Toshiba Port

Toshiba’s new Portégé R700 surprised me with its mature styling, serious muscle, and ridiculously light heft. This is a true ultraportable but still quite powerful – heck, Toshiba somehow even fit an optical drive on it! There were a few unpleasant surprises as well, which made the whopping US$1,599 price tag less appealing.

The R700 does really offer a lot of machine in a small, light package. Fitted into the 13.3- inch laptop are 3 USB plugs (one a USB/eSATA combo), headphone/microphone jacks, an HDMI plug and a VGA plug, an Ethernet port, a memory stick port, an optical drive, a 128GB solid-state drive, a Core i7 620M running at 2.67 GHz, and 4 gigs of RAM — all somehow all tucked into a 12.44×8.94x.66-inch frame weighing 3.2 pounds (the rear of the unit fattens out to just over one inch). That’s power to spare for most road warriors, reflected in an excellent WorldBench 6 score of 128. Match that to a almost 6 hours of battery life, and you’ve got the makings for a pretty awesome ultraportable laptop.

The screen is a decent LED-backlit matte LCD, filling out a 1366×768 resolution easily enough. Colors were good, but the R700 struggles to fill large black areas in video. The Intel HD integrated graphics solution is plenty to play modest video, even playing through the HDMI port without issue. Horizontal viewing angles are excellent, although vertical viewing angles most certainly aren’t. The audio can’t fill a room; the speakers get a bit shrill at high volume, and there’s no bass to speak of. Rely on the headphone jack, instead. There’s no reason to go blasting your jams to the entire plane anyways.

The R700’s layout is solid, with the clean black metal of the lid complimented by a clean black plastic look for the interior. Silver stands are the “Toshiba” emblazoned on the lid itself, and the two hinges. Almost everything feels very sturdy, with remarkably little flex to the keys themselves. The display lid, on the other hand, is a bit too thin and flexible.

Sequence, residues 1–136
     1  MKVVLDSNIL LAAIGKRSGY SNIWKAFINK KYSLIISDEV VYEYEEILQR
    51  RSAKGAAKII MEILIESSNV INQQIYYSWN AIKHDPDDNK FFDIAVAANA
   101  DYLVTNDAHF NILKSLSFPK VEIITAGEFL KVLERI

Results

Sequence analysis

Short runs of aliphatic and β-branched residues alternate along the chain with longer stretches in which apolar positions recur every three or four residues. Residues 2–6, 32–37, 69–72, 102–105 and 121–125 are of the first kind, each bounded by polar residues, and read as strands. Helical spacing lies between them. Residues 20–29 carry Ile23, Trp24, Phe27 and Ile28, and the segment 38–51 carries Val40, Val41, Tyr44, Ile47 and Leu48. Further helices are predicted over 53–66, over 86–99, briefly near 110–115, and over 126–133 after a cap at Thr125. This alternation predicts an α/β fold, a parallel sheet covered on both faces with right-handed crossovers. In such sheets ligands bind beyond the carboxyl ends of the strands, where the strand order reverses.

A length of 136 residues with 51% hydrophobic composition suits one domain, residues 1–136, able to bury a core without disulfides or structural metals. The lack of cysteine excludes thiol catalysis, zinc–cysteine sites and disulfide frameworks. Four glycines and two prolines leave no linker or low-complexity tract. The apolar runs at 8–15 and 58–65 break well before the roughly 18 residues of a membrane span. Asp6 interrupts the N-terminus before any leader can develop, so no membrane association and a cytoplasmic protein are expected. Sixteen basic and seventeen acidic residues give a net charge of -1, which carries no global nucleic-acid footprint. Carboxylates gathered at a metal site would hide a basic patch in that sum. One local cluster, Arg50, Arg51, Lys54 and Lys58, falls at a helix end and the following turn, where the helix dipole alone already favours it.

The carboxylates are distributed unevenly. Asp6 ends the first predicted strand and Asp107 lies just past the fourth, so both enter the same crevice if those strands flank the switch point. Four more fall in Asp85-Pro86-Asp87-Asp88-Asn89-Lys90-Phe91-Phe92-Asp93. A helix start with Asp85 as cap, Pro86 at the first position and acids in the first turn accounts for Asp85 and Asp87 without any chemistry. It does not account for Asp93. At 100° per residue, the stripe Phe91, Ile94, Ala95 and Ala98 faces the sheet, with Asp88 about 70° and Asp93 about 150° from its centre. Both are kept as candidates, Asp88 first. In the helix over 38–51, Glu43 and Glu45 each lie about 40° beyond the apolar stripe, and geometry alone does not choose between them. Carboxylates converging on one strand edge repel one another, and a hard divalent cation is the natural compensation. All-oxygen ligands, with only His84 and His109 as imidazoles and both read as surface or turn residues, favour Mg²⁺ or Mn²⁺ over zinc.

I’m a big fan of the gigantic touchpad and two distinct, separate buttons on the R700. It can result in some accidental touchpad responses, but none of them impacted my work flow. And Toshiba’s resident ergonomics guy must have caught the issue anyways, because there’s a handy little button just between the keyboard and the touchpad; tap it to deactivate the touchpad all together (or turn it back on). I’m not quite as sweet on the finger-reader positioned between the two touchpad buttons, but it wasn’t a real issue.

The real issues were threefold: the keyboard, the heat, and the fan noise, with the keyboard firmly in the lead. Keys are chiclet style, but incredibly far apart and mushy to the touch. The whole experience of typing on the R700 is unpleasant; it didn’t cost me accuracy, but it felt awful. Also, the powerful technology packed in the small space seems to get quite a bit of heat going, as evidenced by loud fan noises and extreme heat output along the left edge and bottom of the machine. For me, the issues were all uncomfortable, but not deal breakers.

The R700 is a fantastic machine for a specific niche: the road warriors and road warrior wannabes who need a bunch of power and to keep their bags as light as humanly possible. It fulfills that role with aplomb; I’m actually willing to forgive the heat, the fan noise, and the mediocre keyboard in exchange for a powerful machine. If you want to change the specific components, Toshiba still makes it very easy to customize your machine when you order from them (I’d drop the solid state drive for a bit more storage on a traditional drive, for example). What do you know – sometimes surprises can be nice.

PC World (US)

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